How to Write Short Horror Stories

October 18, 2017

 

 

1. Read Scary

 

Half of a writer’s job is to read (what a great profession)!  Edgar Allen Poe, Shirley Jackson, Stephen King,   Flannery O'Connor are all good writers to start with.

 

2. Have a Highlighter

 

Highlight parts of the story which scare you out of your mind. Ask yourself, what about makes it scary? What gets your pulse rate going? Most importantly, ask yourself why.

 

3. Pick a Plot

 

Inspiration is everywhere, but the internet is a treasure trove. One news item I came across was about a couple high on drugs and got arrested for selling tickets to heaven. Not only was I fascinated by the fact that people actually bought these tickets, it gave me an idea for a short story about a man who wins a ticket to heaven.

 

4. Observe People

 

I meet people on a daily basis who would make a good antagonist. In most cases you won’t even need to exaggerate. Stick with using strangers, but if you use somebody you know, make sure you change their characteristics/features enough so they won’t recognize themselves.

 

5. Interview your Monster or Murderer

 

Imagine you’re a reporter and you’re assigned to interview your monster or murderer. What questions would you ask? How do they respond? Do they reveal anything that would really make your hair stand on end?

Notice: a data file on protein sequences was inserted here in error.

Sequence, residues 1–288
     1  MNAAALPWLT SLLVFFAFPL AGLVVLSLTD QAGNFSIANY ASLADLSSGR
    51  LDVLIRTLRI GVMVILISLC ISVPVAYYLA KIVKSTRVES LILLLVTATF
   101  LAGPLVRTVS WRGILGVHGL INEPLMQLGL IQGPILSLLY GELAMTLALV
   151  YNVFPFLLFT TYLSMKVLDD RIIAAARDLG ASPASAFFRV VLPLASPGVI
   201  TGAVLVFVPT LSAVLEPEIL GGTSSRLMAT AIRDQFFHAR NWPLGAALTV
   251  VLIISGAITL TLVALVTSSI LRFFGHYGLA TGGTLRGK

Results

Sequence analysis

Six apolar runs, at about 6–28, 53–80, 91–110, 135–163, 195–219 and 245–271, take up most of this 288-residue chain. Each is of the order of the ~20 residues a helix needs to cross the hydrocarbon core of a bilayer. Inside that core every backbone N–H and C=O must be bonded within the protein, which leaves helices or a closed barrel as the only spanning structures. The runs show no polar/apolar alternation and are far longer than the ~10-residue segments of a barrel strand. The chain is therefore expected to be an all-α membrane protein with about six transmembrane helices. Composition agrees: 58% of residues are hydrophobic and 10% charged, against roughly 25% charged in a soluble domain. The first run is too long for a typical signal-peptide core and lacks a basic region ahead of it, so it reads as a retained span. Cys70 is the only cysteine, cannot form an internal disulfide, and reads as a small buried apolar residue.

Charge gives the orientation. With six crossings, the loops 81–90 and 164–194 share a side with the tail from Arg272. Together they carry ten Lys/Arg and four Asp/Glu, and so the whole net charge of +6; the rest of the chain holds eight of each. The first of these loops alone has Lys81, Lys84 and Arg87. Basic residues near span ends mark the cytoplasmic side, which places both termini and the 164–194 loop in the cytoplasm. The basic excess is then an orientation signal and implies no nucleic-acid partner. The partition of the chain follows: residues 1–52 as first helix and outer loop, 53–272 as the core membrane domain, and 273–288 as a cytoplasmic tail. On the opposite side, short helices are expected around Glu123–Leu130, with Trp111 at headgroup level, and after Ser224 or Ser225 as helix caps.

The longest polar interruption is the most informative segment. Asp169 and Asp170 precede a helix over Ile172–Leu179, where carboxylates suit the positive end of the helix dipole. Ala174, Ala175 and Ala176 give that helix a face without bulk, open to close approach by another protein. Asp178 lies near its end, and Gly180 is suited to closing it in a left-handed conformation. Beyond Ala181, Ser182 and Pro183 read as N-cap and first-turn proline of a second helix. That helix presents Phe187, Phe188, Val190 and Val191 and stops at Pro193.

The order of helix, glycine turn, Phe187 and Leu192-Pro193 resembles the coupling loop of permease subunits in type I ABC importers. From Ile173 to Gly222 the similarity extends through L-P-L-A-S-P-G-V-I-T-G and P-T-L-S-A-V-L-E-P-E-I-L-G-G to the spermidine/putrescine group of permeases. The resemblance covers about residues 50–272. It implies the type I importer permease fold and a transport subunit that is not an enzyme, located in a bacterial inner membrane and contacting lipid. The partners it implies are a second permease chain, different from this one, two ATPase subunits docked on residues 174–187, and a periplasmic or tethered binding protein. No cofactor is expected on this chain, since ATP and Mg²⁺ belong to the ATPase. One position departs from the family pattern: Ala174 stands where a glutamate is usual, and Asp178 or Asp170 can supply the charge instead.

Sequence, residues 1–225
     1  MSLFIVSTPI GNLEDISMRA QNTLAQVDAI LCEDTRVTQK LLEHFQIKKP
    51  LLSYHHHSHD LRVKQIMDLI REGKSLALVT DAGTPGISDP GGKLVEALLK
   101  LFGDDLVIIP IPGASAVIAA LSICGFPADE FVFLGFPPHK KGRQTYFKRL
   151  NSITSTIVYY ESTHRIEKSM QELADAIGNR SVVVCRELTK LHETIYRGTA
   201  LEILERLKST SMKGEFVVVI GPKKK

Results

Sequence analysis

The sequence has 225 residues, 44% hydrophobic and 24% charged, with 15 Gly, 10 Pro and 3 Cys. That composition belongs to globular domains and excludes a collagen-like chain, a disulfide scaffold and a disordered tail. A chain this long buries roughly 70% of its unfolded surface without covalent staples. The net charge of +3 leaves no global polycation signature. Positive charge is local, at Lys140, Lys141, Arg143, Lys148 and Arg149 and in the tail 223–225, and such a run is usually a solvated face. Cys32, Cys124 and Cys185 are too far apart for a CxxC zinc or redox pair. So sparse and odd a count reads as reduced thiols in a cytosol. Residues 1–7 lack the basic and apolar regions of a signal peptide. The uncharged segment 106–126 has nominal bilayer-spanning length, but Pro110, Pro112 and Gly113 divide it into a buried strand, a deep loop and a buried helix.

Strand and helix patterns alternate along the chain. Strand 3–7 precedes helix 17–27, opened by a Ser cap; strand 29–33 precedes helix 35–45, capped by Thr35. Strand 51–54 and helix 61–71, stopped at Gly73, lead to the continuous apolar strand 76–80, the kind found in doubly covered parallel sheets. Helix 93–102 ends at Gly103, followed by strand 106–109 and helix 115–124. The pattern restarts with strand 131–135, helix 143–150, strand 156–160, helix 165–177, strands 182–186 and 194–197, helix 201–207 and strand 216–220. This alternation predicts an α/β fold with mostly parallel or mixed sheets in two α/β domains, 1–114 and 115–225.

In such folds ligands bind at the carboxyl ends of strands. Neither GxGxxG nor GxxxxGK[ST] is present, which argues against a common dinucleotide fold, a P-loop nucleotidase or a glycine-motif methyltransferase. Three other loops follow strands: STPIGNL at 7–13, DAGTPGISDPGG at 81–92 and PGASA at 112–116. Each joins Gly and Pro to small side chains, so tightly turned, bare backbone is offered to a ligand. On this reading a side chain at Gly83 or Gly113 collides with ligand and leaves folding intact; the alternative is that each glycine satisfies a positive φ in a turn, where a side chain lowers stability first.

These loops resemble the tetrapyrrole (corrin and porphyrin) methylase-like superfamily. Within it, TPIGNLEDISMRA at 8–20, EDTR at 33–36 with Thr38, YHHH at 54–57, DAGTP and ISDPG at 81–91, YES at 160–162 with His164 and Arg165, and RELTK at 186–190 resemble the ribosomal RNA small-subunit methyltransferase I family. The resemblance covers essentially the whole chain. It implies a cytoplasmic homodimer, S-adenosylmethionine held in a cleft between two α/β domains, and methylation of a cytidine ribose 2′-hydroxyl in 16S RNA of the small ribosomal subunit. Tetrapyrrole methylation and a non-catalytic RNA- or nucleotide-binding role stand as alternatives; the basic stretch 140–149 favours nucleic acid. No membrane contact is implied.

6. Life should start off as Normal

 

Your monster may not be real, but your main character’s life needs to start off as normal, otherwise the reader will have a hard time relating to the story.

 

7. Pace Yourself

 

As you start writing, make sure you alternate short sentences with longer ones. This gives the reader a chance to be surprised and also helps you build some tension in the story.

               

8. The Devil's in the Details

 

Or lack of… don’t expose your monster all at once. Often when you watch a horror movie you only see parts of the protagonist. It’s not until the end that we see the horrible creature in its entity. The same should go for a short horror story. Sometimes not knowing is scarier than knowing.

 

9. Give People Time to get Scared

 

Build suspense slowly. Note the difference between:

 

A man walked in and killed everybody.

 

Vs

 

It was three o'clock in the morning and we were sitting on the sofa watching a horror movie, when there was a knock on the door. Instead of answering it, we clung to each other in terror. A few minutes pass and we began to relax; thinking whomever it was must have gone away, so we continued watching the movie. Then there was a tapping on the window behind us. We froze in terror. Who was behind us? Who wanted to come in? Yet, somehow we couldn’t turn around. As dreadful music flowed from the television there was another knock on the front door. But this time it slowly opened and a man came in with a gleaming ax and I knew he meant to hack us alive.

 

10. End with a Twist

 

Your reader will be disappointed if he predicts the ending. So keep them guessing and end it in a thought provoking, unexpected way. Never use, “I woke up and it was a dream” for an ending or you’ll lose all credibility.

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